It's become commonplace in Indian cinema for the male protagonist to stalk his female co-star for a significant part of the movie and call it 'wooing his true love'. This has sparked debate in recent months especially, over the brutal killing of a young girl by a dejected lover who had reportedly stalked her (just like in the movies) and proceeded to end her life once reproached. Many Kollywood actors have stayed silent on this issue with even recent films such as Siva Karthikeyan's Remo depicting stalking as an alternative to simply going up to a girl and talking to her.  Even Dhanush's movies such as 3 and Thangamagan have been guilty of glorifying such a practice and honestly, I can't completely blame these actors for pandering to what has been accepted culturally in Indian cinema  - That women are objects meant to be desired and subsequently, acquired. No wonder no one wishes to speak up against it - it's all about those box office numbers and the profits.

Dhanush, being equally guilty of this practice in his movies, did address this issue head-on and in an interview with Baradwaj Rangan, stated that in an ideal world, he'd like the audience to simply be entertained by what is seen on screen and not apply them to their daily lives.  He did admit, however, that he is now more careful of the kind of content that he puts on screen and wants to keep whatever is shown in a 'positive and healthy' space. It takes guts for a rising superstar to admit such a thing and speak up on such a widely-accepted cinema practice and shows that despite his fame and success, Dhanush continues to see himself, first and foremost, as a role model for younger viewers. He understands the role of an actor to not just be an entertainer but also as an educator of cultural norms and values. In the rat race that is life, we might not want to speak up on issues that might impede our success but if it is the right thing to do, could you bear to just stand by and watch? You might say it depends on context, the situation that you're put in and the person that you're speaking to. Does it really though? When something's the right thing to do, does it really matter who your audience is or what the situation looks like? I can't give you a definite answer to that question myself but Dhanush's actions do give us some food for thought.

Be your own person

Most of  you are probably considering closing the page at this point but before you do that, just look at the guy (Refer to picture below). Now, compare him to every Indian actor out there. Then, compare his looks to any Indian guy in the room right now or even to yourself . More often than not, Dhanush will probably look like one of those people rather than an actor in the industry today. When he ripped off his shirt in Vellai Illa Patthadari, you could almost hear the body shamers giggle.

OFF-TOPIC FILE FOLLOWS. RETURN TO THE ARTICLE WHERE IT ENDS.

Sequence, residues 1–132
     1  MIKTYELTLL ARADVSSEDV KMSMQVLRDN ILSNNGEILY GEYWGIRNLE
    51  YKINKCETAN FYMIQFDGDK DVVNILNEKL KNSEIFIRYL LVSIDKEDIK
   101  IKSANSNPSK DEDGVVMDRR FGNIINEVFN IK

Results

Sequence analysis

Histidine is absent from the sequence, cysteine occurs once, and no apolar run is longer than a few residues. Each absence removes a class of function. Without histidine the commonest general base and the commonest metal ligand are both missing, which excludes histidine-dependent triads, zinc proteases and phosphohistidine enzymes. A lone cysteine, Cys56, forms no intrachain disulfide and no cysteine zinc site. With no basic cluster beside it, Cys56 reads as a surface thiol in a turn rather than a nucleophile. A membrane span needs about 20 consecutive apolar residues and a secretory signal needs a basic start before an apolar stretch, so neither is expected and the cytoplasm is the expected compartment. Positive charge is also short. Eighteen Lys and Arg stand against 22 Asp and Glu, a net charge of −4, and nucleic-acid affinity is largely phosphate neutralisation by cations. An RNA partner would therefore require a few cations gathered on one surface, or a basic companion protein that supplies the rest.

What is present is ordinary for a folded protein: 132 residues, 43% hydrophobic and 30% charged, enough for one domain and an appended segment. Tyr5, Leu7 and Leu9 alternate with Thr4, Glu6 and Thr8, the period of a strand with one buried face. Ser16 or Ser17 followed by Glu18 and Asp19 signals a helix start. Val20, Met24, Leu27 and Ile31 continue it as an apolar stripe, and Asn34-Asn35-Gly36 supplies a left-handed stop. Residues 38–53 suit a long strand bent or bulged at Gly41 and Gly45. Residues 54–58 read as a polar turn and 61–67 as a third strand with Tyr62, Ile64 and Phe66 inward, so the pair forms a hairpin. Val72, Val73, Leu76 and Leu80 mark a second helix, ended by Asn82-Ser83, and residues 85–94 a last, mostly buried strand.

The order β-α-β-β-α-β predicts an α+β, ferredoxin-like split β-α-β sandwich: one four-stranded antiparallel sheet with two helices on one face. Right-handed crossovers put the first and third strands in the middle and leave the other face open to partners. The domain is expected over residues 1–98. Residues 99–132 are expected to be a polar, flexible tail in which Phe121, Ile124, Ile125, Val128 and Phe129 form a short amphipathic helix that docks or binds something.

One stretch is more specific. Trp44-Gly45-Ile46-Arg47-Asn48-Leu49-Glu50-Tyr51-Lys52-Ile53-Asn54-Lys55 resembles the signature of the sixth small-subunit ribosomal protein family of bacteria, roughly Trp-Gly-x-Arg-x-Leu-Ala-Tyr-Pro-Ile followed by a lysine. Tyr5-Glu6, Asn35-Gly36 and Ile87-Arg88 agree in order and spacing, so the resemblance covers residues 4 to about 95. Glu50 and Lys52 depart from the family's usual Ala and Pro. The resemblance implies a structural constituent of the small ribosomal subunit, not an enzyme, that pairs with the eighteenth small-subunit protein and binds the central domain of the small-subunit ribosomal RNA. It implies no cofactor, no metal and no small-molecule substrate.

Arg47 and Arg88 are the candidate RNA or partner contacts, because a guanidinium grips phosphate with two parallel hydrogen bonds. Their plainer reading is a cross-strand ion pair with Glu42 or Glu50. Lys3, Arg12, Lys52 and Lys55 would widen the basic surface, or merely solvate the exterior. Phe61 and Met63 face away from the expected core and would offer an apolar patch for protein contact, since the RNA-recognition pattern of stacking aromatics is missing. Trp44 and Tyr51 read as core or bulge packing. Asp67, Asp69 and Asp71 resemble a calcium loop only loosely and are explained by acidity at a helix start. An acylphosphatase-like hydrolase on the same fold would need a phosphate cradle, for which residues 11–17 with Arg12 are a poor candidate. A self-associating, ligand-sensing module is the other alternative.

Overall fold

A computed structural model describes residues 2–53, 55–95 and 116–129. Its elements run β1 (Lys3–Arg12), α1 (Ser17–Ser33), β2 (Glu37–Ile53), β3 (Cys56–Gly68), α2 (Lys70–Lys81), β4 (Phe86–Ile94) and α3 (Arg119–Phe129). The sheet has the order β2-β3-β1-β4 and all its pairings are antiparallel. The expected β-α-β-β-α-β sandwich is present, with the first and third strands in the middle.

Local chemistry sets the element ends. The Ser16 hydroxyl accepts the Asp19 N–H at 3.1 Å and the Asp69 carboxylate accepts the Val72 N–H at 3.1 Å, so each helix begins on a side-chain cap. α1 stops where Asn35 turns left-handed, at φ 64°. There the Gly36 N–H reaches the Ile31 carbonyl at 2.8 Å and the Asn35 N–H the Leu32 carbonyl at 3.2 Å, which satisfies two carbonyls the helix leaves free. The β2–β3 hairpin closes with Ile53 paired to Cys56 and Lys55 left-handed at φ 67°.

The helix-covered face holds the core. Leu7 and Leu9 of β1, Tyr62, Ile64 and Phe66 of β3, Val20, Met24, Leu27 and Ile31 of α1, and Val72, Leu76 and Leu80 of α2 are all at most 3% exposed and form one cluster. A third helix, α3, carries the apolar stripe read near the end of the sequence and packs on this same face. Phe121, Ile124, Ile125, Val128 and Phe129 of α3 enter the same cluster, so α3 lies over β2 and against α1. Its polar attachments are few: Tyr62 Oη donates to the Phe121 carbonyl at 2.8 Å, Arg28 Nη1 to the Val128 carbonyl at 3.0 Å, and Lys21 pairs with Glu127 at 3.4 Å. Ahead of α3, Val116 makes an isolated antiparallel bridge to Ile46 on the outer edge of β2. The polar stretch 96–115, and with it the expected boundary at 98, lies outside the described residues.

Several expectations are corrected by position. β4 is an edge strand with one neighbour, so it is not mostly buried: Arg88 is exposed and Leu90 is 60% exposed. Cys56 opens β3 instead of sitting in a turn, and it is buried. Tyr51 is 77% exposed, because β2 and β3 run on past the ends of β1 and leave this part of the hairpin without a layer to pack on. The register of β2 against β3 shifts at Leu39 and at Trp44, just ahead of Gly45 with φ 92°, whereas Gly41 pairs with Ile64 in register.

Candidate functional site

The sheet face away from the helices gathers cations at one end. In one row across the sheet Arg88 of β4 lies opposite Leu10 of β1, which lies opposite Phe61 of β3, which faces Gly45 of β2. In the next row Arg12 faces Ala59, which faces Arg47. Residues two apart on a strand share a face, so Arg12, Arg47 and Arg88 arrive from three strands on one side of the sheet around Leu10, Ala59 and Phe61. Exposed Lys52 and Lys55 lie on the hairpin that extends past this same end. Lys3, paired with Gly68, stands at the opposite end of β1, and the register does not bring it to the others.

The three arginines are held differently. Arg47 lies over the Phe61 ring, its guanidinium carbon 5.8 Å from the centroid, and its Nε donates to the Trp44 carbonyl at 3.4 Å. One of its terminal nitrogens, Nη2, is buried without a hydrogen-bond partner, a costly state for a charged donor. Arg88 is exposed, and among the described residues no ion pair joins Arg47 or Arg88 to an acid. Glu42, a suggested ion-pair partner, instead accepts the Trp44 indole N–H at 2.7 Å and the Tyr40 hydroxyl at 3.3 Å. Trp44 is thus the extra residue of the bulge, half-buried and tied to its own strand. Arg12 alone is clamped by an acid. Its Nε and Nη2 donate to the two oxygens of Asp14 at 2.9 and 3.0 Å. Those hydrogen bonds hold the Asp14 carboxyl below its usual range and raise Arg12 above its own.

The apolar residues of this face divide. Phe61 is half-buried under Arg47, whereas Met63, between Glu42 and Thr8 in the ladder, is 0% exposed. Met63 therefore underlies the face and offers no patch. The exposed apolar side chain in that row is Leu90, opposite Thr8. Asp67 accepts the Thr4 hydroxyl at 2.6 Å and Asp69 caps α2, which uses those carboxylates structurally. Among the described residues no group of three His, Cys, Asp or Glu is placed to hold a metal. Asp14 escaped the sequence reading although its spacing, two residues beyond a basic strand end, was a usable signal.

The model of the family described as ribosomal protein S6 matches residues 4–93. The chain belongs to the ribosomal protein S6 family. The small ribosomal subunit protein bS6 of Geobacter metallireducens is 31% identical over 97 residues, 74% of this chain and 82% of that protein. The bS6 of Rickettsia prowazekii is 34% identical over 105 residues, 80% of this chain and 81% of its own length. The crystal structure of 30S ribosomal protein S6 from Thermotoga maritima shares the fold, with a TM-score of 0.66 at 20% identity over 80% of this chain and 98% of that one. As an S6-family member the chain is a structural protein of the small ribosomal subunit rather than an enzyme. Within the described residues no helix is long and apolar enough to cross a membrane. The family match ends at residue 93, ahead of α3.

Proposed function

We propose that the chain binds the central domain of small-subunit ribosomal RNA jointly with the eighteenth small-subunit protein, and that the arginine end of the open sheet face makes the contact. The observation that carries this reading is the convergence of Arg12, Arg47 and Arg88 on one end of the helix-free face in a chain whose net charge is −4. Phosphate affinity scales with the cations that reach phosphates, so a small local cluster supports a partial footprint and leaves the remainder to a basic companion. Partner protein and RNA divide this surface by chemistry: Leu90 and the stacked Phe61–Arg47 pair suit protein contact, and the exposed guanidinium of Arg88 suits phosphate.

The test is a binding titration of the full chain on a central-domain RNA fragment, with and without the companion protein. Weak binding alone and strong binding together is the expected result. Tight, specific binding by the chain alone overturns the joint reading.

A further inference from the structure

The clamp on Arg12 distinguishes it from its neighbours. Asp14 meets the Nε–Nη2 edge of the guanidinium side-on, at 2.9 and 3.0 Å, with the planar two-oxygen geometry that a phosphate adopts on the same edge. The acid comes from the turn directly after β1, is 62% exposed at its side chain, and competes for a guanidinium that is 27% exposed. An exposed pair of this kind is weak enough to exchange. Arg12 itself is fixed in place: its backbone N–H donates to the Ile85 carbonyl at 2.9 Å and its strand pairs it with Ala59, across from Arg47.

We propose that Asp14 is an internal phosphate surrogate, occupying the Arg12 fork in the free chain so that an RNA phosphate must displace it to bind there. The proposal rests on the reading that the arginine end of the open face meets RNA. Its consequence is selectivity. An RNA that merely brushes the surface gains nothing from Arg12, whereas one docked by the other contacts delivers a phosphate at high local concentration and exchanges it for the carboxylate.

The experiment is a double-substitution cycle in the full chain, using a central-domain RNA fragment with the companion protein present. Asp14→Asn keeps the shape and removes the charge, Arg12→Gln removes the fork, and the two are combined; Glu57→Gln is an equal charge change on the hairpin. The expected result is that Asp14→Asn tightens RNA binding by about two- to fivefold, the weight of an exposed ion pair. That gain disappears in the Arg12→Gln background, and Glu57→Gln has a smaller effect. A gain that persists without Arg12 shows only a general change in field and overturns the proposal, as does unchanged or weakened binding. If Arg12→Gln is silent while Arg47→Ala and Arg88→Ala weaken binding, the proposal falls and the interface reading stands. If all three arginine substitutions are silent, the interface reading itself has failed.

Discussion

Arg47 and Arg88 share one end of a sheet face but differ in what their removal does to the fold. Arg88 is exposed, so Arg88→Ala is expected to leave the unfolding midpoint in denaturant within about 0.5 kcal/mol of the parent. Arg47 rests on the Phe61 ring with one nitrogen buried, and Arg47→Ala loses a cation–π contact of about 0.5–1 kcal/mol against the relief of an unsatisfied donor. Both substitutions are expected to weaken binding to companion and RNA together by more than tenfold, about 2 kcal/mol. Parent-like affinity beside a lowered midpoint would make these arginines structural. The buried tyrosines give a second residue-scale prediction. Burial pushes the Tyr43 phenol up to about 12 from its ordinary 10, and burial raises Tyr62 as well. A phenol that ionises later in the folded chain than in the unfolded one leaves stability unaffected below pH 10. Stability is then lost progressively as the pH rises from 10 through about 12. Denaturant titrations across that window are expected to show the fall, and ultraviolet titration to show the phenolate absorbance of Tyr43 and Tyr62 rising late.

However, his plain looks and scrawny frame have never impeded his progress in any way, especially in an industry as cutthroat as the Indian film industry. In fact, some might say that it has propelled his rise. In a 2015 interview with Indian Express, when asked how his looks had affected his chances in the industry, he replied  "Being a director’s son, I also knew that only the script matters, not looks. Whatever is in those pages can create a star out of an actor, no matter how he looks. Or bring him down too.". Dhanush stayed true to the art of acting and knowing that he can never be a heartthrob like Vijay or Surya, never set himself out to be one. He focused on his strengths and continued to build on his acting chops. Look where he is today.

To truly appreciate how far this man has come in terms of acting talent, one only needs to watch Shamitabh, in which he acted alongside grand maestro Amitabh Bachchan. In every film that he is in, more often than not, Bachchan dominates with his gravitas, screen presence and baritone voice. But in this movie, it is Dhanush who is the true star as he plays an aspiring actor who is mute and has to ask a voice artist played by Bachchan to be his 'voice'. A true mark of a great actor is when you take away his voice and yet, he continues to dominate each scene with his facial expressions and body language. It was truly masterful acting and in my opinion, in a class of its own.

Dhanush could have moped around in the dumps of Kollywood, citing his lack of good looks as an excuse for a lack of opportunities, but it has been his sheer hard work and determination to hone this art of acting that has made him the most versatile actor in the industry today.  We often live in a cycle of blaming whatever that happens to us on something or someone else so as to make ourselves feel better about our own mediocrity. We only look at our weaknesses and never choose to harness our strengths to make up for those weaknesses. Even if you take away absolutely nothing from this article, I hope you at least realise this. You chart your own path and it is up to you to make use of the resources and talents that have been given to you.  No one sums it up better than the man himself.